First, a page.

The Ashes 2009: Match Remains Balanced at Lunch on Fifth Day at Edgbaston

James Anderson celebrates taking the wicket of Shane Watson (53)

England and Australia go for lunch on the fifth day of this third Ashes 2009 test at Edgbaston with the match still firmly in the balance.

The day started with opener Shane Watson and out-of-sorts Mike Hussey at the crease, with Australia on 88 for 2. As lunch was called, both batsmen had been caught by Prior’s gloves, with Watson (53) falling to James Anderson before Hussey (64) eventually succumbed from Broad. Australia are on 172 for 4 at lunch, leading the test match by 59 runs.

The first hour or so after lunch will be vital as Australia have two new batsmen at the crease: with Michael Clarke (12 not out) and North (4 not out) having only recently entered the middle.

This morning, Andrew Flintoff once again worked very hard in a long spell, but failed to produce a wicket. Graham Onions bowled his now customary tight, straight spell, but he, too, could not produce the required early wicket this time. Swann’s spell of off-spin was perhaps his worst of the series to date: many loose deliveries failed to place any pressure on Hussey and the incoming batsmen this morning.

It took James Anderson who, according to Geoff Boycott, “could swing an orange” to bring some new life to this match after both Watson and Hussey had made half-centuries. Anderson got the nick from Watson early in his spell. Hussey was to follow soon after from a relatively innocuous looking delivery from Broad. Until then, Hussey looked like he was batting in treacle at times: the game, for now, seeming not to come naturally for Mr Cricket.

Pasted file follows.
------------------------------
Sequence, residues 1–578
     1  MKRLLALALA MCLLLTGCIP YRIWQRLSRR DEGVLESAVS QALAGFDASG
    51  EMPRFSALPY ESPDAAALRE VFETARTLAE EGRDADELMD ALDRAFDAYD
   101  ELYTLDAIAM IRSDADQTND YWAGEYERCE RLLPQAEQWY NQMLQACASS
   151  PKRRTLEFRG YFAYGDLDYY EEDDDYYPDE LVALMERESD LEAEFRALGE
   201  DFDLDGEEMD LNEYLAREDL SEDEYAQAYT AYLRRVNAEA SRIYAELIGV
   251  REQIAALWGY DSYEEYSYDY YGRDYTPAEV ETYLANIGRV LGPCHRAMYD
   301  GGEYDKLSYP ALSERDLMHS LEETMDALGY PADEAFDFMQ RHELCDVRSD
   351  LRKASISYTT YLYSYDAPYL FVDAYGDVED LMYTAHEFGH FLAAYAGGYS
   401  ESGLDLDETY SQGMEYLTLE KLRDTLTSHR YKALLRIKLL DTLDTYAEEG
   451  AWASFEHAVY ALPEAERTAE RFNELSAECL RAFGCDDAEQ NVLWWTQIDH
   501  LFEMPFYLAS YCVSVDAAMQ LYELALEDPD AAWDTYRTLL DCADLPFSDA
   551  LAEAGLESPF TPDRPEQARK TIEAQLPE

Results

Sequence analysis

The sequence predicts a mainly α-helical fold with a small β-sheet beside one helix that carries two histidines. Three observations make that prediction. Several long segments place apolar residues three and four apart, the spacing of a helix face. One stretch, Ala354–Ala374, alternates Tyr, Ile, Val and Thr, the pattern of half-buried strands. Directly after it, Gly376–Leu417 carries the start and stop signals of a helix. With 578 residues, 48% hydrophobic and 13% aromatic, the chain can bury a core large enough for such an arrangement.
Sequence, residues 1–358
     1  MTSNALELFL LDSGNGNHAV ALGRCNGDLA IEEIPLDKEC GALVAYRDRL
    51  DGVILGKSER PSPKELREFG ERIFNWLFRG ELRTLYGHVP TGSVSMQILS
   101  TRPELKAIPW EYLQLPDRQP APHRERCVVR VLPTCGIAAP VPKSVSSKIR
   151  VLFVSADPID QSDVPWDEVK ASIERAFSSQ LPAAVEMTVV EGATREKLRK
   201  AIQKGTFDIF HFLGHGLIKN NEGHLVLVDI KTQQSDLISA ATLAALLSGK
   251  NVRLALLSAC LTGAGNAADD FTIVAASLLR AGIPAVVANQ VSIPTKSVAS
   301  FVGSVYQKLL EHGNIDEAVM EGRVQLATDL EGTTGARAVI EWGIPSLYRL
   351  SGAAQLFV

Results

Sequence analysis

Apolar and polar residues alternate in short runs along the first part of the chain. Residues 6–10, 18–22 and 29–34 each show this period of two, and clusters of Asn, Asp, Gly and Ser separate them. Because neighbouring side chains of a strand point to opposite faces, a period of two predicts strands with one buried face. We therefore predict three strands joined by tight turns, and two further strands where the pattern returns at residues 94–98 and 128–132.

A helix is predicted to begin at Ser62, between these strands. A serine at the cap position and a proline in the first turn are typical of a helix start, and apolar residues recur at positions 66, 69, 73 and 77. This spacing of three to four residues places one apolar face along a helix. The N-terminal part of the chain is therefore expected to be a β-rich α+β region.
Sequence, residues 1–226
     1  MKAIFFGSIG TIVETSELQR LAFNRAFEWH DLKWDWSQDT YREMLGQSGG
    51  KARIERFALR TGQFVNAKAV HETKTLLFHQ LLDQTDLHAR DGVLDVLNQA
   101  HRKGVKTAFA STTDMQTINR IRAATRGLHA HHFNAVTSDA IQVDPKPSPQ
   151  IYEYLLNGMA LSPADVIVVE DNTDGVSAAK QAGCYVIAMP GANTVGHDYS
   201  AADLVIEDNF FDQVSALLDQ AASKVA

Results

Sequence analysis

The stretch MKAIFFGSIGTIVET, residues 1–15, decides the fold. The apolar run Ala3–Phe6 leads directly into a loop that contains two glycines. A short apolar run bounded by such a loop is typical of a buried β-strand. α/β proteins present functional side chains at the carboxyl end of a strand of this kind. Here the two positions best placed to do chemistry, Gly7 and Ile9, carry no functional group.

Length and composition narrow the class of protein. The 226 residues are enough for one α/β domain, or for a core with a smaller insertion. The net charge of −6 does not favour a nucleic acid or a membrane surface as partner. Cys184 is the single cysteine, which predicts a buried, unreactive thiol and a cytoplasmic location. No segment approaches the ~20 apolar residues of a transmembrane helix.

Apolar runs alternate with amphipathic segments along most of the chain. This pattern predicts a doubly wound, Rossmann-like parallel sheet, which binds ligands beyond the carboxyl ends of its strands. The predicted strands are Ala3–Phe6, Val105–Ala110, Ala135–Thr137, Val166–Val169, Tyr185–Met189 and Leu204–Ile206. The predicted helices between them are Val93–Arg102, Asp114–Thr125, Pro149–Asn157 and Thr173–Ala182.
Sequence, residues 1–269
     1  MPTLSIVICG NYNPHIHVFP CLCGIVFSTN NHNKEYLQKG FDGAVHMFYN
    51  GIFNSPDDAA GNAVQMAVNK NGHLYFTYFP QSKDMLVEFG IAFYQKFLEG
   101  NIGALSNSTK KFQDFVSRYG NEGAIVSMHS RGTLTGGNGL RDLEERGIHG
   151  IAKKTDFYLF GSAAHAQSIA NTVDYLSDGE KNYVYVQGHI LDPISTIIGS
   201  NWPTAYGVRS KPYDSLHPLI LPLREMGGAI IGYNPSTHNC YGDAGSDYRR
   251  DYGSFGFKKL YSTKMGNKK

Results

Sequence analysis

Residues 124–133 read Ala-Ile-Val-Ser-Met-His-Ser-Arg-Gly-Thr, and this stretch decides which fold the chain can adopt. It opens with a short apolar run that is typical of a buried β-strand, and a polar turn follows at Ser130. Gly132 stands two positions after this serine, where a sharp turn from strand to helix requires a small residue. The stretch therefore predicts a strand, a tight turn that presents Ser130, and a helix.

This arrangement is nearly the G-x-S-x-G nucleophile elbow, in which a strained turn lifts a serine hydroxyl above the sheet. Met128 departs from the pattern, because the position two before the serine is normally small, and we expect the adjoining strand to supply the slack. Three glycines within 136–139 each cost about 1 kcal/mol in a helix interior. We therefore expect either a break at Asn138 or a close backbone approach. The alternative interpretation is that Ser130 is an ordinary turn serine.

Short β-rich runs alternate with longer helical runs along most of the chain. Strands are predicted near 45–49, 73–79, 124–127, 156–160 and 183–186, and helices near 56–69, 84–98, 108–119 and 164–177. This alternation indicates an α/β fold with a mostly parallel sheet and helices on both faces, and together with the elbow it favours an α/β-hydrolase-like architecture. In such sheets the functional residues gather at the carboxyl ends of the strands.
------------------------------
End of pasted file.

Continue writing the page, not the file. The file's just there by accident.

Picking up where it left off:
Anderson needs some support from Broad, Onions or Flintoff after lunch – Flintoff is looking slightly jaded, so it will fall to probably Onions to work away in tandem with Anderson. If they can produce a couple of quick wickets this afternoon, then the pressure will really be cranked up on the Australian tail which has shown little resilience in the past three innings they have played.

It may well be that the last two partnerships are vital in this test: there is plenty of time remaining for England if they can remove the tail for 150 or thereabouts: they can then come out for a 20Twenty style evening to chase a total of under 200. If Australia can get any sort of batting form, however, England will have to settle for a draw, and thoughts of what might have been.

Honours even this morning; by tea-time, we should know which way this cricket match is likely to swing.

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